A defence of fiction

Jean Morley doesn’t take kindly to critics of fiction, oh no.



“But, I dunno, the more I read books, the more they seem to be telling me to stop reading and to live life. It’s all a bit pointless”. Oh dear. That’s another person off the Christmas card list. “Who’s that?” you wonder. “The utterer of this most profane blasphemy?” A first-year I heard talking in the arts block last week. Abercrombied and Fitched, leaning, bored against the wall, she had somehow managed to summate the pointlessness of my entire college existence in five seconds. Books are dumb. That statement, perhaps coupled with her perfect, voluminous blonde mane, has meant she will not be the happy recipient of my handicrafts this yuletide. Oh no sir-ee. Like a bee drenched in nettle juice and fried in onions, that comment stung. I limped to the library in despair.

Don’t get me wrong. I’m not one of those Lord of the Rings types. I don’t believe the most important thing is to get to the Mountain of Farraquad to capture Sir Elwich before the avengers of the Lost Ark Elf Brigade storm the Western Front. Or whatever else those long-haired fellows get up to on their days off. Yes, there are times when no book – nothing – could fills the meaningless void that is five o’clock on a Sunday afternoon better than a flick through Glamour magazine. Who needs stories when you have beautiful, sweet ads? Oh, lots of them – so many colours – and shoes – Jimmy Choos…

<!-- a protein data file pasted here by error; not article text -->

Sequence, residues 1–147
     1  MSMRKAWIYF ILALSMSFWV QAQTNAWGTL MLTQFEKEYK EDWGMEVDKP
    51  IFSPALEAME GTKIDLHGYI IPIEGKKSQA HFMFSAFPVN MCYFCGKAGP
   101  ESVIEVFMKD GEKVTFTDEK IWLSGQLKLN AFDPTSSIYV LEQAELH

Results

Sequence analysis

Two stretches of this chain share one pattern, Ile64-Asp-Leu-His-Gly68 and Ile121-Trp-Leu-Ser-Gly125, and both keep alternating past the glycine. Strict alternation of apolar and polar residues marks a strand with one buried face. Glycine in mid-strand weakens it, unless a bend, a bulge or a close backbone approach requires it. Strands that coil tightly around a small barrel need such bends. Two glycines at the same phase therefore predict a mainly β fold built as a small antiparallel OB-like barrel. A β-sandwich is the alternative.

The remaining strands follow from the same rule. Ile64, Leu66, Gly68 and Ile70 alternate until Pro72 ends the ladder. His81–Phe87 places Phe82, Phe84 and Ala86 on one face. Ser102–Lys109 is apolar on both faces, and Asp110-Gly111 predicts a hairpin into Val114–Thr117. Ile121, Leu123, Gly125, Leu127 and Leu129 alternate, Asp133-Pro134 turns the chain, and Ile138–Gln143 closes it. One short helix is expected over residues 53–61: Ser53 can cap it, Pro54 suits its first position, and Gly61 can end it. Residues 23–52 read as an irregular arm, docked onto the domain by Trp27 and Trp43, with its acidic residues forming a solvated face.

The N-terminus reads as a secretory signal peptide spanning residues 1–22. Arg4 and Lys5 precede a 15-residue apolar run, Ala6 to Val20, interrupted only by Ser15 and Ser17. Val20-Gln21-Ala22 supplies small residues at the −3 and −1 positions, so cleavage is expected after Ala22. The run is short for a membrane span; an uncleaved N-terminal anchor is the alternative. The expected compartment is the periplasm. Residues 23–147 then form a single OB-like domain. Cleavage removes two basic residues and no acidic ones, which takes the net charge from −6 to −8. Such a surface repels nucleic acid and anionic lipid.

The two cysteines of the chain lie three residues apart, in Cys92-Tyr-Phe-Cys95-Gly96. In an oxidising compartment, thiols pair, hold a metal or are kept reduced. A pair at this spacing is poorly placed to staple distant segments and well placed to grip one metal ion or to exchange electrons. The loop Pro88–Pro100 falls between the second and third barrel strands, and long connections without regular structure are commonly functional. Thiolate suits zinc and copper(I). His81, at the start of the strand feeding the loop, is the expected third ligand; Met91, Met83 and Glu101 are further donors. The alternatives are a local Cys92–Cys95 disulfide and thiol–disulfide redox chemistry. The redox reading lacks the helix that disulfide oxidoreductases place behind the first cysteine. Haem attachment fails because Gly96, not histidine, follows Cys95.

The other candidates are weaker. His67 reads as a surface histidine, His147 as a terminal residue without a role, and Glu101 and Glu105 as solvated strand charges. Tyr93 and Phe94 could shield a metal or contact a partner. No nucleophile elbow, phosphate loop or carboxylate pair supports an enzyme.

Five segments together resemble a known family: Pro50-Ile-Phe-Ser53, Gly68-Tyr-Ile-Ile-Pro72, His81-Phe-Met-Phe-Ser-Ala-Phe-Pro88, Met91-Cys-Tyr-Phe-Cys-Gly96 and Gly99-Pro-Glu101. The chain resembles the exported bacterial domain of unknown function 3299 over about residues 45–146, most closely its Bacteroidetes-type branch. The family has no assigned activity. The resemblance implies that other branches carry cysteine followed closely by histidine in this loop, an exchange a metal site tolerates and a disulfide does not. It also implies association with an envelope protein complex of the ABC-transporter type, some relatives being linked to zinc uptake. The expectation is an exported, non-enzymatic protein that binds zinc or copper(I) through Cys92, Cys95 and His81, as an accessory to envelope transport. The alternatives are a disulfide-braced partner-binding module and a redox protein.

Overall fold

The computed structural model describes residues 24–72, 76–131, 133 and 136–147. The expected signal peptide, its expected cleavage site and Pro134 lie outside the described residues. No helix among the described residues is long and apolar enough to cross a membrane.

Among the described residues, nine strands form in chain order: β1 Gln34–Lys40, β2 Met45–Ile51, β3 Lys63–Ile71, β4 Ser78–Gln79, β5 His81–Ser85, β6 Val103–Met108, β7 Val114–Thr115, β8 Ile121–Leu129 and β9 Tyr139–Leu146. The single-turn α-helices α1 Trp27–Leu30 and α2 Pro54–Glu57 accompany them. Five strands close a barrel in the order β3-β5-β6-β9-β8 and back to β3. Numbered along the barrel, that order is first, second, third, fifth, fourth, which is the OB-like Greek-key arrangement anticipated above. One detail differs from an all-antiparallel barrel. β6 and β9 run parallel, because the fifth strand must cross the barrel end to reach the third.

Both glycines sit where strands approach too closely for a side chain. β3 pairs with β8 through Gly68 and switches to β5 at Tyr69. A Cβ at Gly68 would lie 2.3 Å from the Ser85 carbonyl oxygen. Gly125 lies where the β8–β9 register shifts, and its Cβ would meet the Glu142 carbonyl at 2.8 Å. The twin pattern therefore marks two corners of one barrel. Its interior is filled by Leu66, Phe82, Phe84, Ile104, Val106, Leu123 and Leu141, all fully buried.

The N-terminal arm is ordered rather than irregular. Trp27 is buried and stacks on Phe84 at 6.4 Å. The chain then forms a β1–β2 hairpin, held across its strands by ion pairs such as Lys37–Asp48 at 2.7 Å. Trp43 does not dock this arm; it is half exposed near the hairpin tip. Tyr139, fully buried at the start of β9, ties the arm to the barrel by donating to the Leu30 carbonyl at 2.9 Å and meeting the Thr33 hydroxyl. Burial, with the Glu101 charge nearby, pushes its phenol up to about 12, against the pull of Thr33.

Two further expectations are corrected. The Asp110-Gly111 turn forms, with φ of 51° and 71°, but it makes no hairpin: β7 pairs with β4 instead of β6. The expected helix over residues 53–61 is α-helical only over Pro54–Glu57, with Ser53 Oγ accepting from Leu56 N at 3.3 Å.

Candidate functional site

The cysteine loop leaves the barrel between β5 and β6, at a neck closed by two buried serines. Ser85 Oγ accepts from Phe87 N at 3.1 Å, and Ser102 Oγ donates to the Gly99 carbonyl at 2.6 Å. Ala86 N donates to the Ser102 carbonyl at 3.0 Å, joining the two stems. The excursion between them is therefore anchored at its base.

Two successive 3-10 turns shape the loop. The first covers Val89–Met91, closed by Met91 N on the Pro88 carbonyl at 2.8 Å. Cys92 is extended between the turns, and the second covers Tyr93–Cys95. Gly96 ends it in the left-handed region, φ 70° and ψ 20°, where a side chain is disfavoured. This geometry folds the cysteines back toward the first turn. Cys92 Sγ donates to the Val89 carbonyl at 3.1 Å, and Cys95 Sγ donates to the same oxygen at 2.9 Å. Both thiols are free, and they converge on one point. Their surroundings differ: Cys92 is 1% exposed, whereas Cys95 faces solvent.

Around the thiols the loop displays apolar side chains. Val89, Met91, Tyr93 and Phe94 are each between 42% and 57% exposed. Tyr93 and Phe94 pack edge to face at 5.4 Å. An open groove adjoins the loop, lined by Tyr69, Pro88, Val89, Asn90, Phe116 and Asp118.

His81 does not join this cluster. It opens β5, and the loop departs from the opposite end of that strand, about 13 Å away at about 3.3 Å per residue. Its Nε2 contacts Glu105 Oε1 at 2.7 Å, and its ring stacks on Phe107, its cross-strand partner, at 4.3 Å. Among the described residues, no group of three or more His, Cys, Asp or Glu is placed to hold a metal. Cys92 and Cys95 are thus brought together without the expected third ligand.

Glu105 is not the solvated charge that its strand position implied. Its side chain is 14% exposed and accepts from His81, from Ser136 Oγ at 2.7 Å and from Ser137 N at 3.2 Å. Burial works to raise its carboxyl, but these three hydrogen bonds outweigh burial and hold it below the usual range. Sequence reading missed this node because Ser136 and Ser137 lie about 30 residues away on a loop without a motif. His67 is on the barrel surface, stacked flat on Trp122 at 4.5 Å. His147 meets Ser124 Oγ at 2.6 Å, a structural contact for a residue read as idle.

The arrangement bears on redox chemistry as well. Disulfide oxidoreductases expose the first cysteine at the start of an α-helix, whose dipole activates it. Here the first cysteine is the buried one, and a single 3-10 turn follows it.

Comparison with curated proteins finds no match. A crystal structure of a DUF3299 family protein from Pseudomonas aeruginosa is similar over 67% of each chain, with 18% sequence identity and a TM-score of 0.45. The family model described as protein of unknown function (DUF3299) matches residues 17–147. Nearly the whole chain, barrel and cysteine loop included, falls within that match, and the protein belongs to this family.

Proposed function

But no, for the vast majority of the week, books surpass it all. That whole “real life” escapade they’ve been talking about on the airwaves. Apparently, there’s a recession looming, the banks have been bailed out and major low-budget airlines are going broke.

But where you say, “Goodbye cheap flights to Bratislava,” I say, “Hello Narnia.” Who needs Ireland when you can have Neverland? I’m not talking about the back-garden of an ageing songster but a land full of lost boys where you, never, ever, have to grow old. No, seriously, keep Michael Jackson out of this. Catch a falling star, put it in your pocket and for goodness sake, fly away to a parallel universe.

Good old fiction. A place where balding old ladies DO turn out to be witches. Where tall, brooding, wealthy men who refuse to dance DO turn out to have been harbouring marital expectations (although, in these current times, he might need an extra few bob under the mattress and the security of a pension fund). A land where the most savvy first years DO turn out to be wrong. Oh and where books are cool.